Ban On Walking Texters May Follow Fall Into Fountain

Lawmakers in at least two states are now looking to pull the plug on texting pedestrians and iPod-obsessed runners, claiming their diverted attention borders on disaster.

The call for a crackdown on pedestrians distracted by their electronic gadgets in New York and Arkansas comes two weeks after a Reading woman fell into a fountain at the Berkshire Mall in Wyomissing, Berks County while writing a text message.

Lawmakers in both states have proposed restrictions on using cell phones and music players such as iPods by people running and walking on the street or sidewalk.

The apparent message: Distracted pedestrians are dangerous.

?It?s not just distracted drivers," said Jonathan Adkins, a spokesman for the Governors Highway Safety Association, a nonprofit organization representing state highway safety offices. "We focus a lot on distracted drivers, but we also need to focus on distracted walkers and joggers."

The proposal in Arkansas would ban pedestrians from wearing headphones in both ears while on, parallel, or adjacent to a street, road, intersection, or highway. The measure also applies to runners and cyclists and would allow pedestrians to wear headphones in one ear.

?You might not get the full effect of the Boston Symphony Orchestra with one ear, but you at least will be aware of your surroundings,? said Ark. Sen. Jimmy Jeffress, a Democrat who proposed the legislation.

N.Y. Sen. Carl Kruger, also a Democrat, has been trying since 2007 to ban the use of cell phones, iPods and other gadgets by pedestrians while crossing the street in major cities.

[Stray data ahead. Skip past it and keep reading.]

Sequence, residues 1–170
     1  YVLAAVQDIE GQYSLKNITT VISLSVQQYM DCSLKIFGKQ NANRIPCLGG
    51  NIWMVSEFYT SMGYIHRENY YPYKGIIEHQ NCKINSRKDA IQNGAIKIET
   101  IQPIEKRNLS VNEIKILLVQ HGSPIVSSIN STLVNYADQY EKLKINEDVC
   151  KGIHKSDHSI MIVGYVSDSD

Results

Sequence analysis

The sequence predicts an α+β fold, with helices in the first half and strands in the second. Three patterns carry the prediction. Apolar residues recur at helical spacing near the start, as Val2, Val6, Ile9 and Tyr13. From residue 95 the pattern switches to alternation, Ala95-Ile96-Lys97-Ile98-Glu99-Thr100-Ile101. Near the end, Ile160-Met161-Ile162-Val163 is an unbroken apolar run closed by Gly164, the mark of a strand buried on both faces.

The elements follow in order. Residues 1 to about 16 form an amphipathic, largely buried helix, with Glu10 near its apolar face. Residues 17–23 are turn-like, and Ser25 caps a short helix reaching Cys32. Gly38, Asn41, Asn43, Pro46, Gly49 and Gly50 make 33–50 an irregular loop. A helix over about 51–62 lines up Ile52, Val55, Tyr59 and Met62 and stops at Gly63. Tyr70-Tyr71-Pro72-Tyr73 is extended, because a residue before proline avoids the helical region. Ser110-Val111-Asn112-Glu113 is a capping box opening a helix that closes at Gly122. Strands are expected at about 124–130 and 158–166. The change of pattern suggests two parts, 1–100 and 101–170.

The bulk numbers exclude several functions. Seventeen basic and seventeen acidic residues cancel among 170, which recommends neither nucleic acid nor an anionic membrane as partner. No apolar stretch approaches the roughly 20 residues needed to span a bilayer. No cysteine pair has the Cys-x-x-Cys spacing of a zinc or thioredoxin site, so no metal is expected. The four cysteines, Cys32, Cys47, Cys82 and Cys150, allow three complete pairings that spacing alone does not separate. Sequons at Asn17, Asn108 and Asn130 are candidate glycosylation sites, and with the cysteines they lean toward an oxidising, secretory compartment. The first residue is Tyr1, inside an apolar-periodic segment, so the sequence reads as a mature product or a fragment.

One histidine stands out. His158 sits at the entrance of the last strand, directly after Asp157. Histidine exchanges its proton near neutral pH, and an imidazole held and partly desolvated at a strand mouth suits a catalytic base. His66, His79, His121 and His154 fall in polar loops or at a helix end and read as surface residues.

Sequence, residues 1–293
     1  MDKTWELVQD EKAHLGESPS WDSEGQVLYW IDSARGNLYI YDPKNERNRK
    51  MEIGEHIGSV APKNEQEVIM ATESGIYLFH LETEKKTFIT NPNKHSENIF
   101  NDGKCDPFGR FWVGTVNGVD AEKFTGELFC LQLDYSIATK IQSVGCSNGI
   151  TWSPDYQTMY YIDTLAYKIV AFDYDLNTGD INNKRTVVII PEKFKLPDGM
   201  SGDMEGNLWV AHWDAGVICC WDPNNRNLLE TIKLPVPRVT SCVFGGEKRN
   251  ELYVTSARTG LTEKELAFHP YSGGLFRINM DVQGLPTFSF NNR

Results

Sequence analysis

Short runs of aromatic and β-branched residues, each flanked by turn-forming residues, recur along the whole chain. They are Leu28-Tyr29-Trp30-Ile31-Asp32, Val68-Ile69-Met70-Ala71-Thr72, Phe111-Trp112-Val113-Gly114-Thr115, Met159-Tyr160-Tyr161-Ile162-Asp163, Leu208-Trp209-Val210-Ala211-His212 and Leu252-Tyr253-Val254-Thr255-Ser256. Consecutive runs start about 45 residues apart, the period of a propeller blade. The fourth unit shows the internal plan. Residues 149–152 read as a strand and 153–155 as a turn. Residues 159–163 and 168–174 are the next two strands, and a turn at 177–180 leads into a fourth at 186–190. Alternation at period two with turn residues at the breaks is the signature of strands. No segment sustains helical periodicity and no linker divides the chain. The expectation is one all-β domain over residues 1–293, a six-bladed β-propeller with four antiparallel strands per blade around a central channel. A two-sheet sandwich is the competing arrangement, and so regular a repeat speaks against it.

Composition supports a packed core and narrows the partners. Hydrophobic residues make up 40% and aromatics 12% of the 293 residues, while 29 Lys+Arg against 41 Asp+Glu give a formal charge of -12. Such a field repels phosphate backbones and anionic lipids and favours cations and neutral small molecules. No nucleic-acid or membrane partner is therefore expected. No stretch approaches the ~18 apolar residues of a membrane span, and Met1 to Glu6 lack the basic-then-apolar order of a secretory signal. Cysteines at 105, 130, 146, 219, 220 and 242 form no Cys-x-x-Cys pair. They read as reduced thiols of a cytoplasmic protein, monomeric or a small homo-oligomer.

The proposal would ban the use of an electronic device while crossing the crosswalk in a city with a population of one million or more. Violators would face a $100 civil fine.

Kruger said a series of accidents in his Brooklyn district made him concerned about the number of pedestrians he saw paying closer attention to their devices than what was in front of them.

?They were basically oblivious to the circumstances around them,? Kruger said. ?They got wired up, and their head was just in a different place. I don?t think it?s that much different than a ban on cell phones while driving or any other distraction.?

Most states have been tackling distracted driving in some fashion, with 30 states and the District of Columbia banning texting while driving. Many states also have put other restrictions on the use of cell phones, particularly by teen drivers.

The proposed restrictions come as safety advocates said they are worried about a slight increase in the number of pedestrian fatalities in the first half of 2010 compared to the same period in 2009. If the second half of the year shows no change, the group said it would mark an end to four years of decreases.

Nationally, pedestrians make up about 12 percent of traffic fatalities, the group said.

Adkins said the group is not backing any proposals to criminalize headphones, calling or texting by pedestrians. He said the group would rather see increased public education on the dangers of walking or running while distracted.

"Texting and walking, take it from me, it's dangerous," said Cathy Cruz Marrero, the woman into fell into the mall fountain, in her first TV interview with 69 News last week, after surveillance video of her fall had been viewed by millions of people on the Internet.

Link: Texting Woman Who Made Splash In Fountain Speaks Out Link: Security Guard Fired For Sharing Mall Surveillance Video

Jeffress said his legislation in Arkansas, which does not spell out any penalty for a violation, is aimed more at increasing awareness than punishing pedestrians.

?I don?t envision the earphone police going out and arresting people,? Jeffress said. ?I don?t see anybody being stopped to check what?s in their ears.?

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